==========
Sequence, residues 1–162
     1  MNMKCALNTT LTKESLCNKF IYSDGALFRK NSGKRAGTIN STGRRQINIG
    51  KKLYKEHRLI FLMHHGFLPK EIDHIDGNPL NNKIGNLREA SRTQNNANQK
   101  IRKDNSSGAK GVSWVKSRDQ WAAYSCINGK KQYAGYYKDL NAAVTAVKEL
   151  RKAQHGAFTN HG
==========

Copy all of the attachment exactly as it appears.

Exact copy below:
Sequence, residues 1–162
     1  MNMKCALNTT LTKESLCNKF IYSDGALFRK NSGKRAGTIN STGRRQINIG
    51  KKLYKEHRLI FLMHHGFLPK EIDHIDGNPL NNKIGNLREA SRTQNNANQK
   101  IRKDNSSGAK GVSWVKSRDQ WAAYSCINGK KQYAGYYKDL NAAVTAVKEL
   151  RKAQHGAFTN HG